ordo -- Thanks. That was very nice of you.
No. Caramel is the French word for caramel which is of course heated sugar.
The French word "caramel" means cooked sugar. You can then add all sorts of things. So toffee is one very particular kind of caramel. But in its simplest form you can make caramel by simply heating sugar in a pan until it melts.
"Caramel," when pronounced with three syllables, indicates a liquid at room temperature. When pronounced with two syllables, "caramel" indicates a solid. They are spelled the same.
e.g. "ice cream with a caramel ribbon" vs. "carmel (sp) apple"
Uhhhh.. who invented that description?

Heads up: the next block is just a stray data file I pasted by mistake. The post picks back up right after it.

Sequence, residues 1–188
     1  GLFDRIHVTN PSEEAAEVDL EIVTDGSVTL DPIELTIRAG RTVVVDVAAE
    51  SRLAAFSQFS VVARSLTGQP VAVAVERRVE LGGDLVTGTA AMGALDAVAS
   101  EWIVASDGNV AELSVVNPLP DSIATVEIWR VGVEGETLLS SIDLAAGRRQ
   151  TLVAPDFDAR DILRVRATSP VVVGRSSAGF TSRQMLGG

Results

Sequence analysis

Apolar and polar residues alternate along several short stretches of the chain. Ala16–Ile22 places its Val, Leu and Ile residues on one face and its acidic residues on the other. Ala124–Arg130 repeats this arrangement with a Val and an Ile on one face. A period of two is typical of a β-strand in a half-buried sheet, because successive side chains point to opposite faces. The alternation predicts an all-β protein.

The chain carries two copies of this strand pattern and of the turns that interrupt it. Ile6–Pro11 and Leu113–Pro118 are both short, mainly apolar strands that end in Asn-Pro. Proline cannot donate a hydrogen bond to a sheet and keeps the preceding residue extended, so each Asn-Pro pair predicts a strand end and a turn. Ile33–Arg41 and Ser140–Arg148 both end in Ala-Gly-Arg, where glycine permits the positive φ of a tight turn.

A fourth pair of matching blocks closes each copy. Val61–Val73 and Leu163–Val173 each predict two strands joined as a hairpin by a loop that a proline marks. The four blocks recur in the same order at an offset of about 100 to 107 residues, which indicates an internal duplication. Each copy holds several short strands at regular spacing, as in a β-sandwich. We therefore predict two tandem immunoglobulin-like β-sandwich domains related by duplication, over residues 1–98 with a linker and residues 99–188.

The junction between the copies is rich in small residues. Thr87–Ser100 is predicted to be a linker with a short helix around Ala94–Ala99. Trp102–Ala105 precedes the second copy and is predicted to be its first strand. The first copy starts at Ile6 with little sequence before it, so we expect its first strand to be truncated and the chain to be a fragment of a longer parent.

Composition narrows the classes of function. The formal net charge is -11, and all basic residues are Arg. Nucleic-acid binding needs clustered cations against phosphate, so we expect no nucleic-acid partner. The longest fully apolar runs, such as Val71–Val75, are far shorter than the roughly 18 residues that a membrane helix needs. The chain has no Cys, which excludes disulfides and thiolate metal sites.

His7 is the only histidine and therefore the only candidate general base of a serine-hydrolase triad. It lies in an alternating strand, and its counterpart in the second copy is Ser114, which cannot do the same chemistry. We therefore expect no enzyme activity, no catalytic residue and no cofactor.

If they are spelled the same, then they all have three syllables. Then again "ice cream with a caramel ribbon" is not spelled the same as "carmel apple". Even my (US english) spell checker highlighted "carmel" on this post.....
zoinks... what planet you from bro?
That's because "carmel" is the wrong spelling:
Even Google shows this:
"Caramel" translates to Carmelo in Basque. "Caramel" translates to Carmel in Irish. "Caramel" translates to Karmel in Polish. There is no right answer. I guess your pronunciation of the word that describes this delicious substance depends on your heritage or the heritage of the people who owned your local bakery.